Once again, I am a little puzzled as to where the “joke” occurs. What humour there is comes from rhetorical exaggeration. He starts from “people are losing their jobs for tweeting the wrong opinions” and builds up to “a society where a tiny but very vocal majority of perma-offended woke twats with an extraordinary amount of power have penetrated every aspect of our culture.”
I know how to respond to this as an argument. It only works if you accept some pretty massive false equivalencies. It’s a common enough rhetorical device: ludicrously understate one side of the argument and therefore portray the contrary position as ludicrously extreme. “If you even suggest that there might be such a thing as biological sex you will be labelled a transphobe”. (Compare: Poor Enoch Powell only dared to suggest that maybe white people have some rights as well and he was labelled a racist.) He paints a picture of a world in which poor silenced J.K Rowling and poor martyred Graham Lineham just want to have a sensible, nuanced conversation but instead…some very bad thing has been done to them, which is somehow analogous to being put into a gas chamber.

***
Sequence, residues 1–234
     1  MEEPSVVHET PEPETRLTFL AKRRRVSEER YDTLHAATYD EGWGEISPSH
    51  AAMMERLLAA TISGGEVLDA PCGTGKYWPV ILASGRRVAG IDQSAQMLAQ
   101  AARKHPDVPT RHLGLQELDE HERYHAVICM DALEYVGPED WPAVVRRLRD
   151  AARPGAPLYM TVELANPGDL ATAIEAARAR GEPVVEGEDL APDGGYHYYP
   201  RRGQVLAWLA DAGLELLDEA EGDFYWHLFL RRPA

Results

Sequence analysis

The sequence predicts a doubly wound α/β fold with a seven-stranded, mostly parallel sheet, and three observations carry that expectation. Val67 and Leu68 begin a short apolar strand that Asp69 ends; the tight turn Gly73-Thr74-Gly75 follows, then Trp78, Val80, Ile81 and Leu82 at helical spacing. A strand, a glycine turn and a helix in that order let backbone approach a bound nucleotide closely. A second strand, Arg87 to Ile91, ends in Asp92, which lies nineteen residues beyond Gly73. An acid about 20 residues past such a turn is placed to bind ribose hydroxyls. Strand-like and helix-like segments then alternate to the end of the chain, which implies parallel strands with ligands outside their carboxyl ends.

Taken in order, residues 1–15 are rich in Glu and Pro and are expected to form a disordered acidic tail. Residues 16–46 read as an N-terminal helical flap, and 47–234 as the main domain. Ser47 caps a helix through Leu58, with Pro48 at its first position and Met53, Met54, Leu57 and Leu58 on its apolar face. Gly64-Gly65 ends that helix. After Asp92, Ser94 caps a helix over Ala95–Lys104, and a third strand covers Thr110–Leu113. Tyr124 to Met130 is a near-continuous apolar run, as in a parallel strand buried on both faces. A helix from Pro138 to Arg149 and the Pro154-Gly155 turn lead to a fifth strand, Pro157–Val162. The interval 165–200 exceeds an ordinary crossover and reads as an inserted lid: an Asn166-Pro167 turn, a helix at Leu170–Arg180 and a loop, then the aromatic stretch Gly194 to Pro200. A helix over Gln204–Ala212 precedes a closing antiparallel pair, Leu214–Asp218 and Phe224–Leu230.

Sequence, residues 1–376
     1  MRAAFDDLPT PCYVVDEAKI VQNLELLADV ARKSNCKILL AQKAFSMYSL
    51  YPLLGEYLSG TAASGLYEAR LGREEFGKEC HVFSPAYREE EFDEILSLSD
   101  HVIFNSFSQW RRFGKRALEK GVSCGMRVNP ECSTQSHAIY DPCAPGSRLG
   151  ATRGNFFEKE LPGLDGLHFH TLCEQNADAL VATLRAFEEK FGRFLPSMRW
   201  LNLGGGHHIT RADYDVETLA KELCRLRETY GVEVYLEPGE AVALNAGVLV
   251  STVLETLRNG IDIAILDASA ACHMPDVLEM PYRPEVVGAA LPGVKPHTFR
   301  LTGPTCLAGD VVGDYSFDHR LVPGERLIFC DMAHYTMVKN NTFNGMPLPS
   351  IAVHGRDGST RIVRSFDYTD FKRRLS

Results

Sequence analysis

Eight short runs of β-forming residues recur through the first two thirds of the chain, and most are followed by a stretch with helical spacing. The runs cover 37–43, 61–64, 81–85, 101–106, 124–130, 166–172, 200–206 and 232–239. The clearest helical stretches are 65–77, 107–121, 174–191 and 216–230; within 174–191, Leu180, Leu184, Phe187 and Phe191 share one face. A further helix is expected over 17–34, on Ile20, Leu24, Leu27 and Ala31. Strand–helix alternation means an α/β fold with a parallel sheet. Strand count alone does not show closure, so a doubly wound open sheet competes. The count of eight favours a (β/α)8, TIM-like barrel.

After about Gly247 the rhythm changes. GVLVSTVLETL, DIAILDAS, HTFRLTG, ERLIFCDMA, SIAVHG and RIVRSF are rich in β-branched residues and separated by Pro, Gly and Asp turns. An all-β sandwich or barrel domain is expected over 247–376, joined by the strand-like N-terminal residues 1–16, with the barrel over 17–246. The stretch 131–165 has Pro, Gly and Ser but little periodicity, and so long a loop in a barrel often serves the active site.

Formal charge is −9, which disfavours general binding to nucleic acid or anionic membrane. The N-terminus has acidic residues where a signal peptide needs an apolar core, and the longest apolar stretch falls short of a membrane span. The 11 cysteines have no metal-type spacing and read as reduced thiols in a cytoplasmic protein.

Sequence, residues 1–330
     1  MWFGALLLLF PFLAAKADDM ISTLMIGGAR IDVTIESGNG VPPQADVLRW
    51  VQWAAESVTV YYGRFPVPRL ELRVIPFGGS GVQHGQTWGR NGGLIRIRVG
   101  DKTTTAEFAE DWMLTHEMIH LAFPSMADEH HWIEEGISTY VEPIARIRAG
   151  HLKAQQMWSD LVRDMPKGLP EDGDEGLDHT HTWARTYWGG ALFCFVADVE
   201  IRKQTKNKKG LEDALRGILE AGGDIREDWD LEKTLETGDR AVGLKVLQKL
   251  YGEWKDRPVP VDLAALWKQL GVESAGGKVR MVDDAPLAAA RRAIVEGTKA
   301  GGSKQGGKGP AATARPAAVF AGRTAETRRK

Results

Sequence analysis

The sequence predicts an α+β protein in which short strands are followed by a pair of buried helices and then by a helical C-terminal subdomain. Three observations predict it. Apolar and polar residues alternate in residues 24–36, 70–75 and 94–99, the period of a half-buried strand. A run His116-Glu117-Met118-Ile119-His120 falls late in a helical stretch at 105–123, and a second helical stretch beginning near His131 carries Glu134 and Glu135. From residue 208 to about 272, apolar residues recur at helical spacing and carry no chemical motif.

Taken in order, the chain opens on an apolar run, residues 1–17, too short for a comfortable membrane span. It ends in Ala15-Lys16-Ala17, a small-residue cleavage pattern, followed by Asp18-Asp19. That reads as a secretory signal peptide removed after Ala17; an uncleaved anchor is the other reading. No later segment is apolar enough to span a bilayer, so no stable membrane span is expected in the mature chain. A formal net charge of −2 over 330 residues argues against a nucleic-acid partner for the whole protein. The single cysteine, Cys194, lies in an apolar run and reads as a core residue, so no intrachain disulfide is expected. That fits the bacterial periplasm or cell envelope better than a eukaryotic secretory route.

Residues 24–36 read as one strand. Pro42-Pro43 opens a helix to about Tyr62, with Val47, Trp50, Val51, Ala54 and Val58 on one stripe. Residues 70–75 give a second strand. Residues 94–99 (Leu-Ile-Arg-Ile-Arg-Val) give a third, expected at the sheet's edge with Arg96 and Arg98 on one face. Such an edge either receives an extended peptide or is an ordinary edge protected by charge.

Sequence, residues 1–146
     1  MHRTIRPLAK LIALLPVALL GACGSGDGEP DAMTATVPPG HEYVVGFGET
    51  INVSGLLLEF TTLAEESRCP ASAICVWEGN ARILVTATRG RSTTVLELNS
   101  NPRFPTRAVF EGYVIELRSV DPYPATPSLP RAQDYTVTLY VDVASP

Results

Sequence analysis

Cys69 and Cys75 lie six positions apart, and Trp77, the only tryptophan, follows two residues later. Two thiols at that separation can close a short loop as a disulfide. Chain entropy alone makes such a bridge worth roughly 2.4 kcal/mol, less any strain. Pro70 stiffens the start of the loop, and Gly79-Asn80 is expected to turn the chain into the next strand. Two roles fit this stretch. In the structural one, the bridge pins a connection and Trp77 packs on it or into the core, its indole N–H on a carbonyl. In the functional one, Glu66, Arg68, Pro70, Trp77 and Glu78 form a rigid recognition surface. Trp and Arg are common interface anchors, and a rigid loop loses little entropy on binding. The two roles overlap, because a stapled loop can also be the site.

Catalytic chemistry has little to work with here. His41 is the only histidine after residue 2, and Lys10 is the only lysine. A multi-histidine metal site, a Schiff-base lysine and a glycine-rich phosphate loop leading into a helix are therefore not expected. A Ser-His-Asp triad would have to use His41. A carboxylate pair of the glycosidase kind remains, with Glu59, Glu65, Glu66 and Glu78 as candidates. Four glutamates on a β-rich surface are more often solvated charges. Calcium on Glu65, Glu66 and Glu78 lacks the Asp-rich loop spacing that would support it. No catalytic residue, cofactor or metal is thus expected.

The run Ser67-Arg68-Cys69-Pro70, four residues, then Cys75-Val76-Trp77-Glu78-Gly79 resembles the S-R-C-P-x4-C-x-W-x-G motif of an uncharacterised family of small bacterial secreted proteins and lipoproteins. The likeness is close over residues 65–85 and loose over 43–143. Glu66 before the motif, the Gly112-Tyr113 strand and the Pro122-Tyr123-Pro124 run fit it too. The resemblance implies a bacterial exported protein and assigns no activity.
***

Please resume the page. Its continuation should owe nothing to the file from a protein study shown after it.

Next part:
No-one is saying that biological sex does not exist. Some people are literally saying that trans women are male fetishists who get off on wearing women’s clothes because they have a thing about toilets.
At one point in the piece Pie starts to shout “I AM NOT JOKING”. Indeed. And responding to a joke as if it were an argument is obviously a category mistake: I would hardly criticise Monty Python by saying that the advertising standards authority didn’t record a single case of pet shops selling pets which were already dead in the whole of 1969. But the ludicrous Jonathan Pie is saying the same things that the perfectly serious P*t*r H*tch*ns makes in the Daily Mail on a weekly basis. “From the lockdown to the destruction of statues, these febrile weeks show the pillars of our freedom and civilization are rotten. As the Left now controls every lever of power, we face nothing less than regime change.”
But perhaps H*tch*ns is not serious either? Perhaps The Right never are? Perhaps Conservatism is only ever a grotesque self-caricature intended mainly to annoy the libtards? Perhaps I should not be saying "Jonathan Pie is no funnier that H*tch*ns? Perhaps I should be saying "H*tch*ns is just as much a wind-up as Jonathan Pie".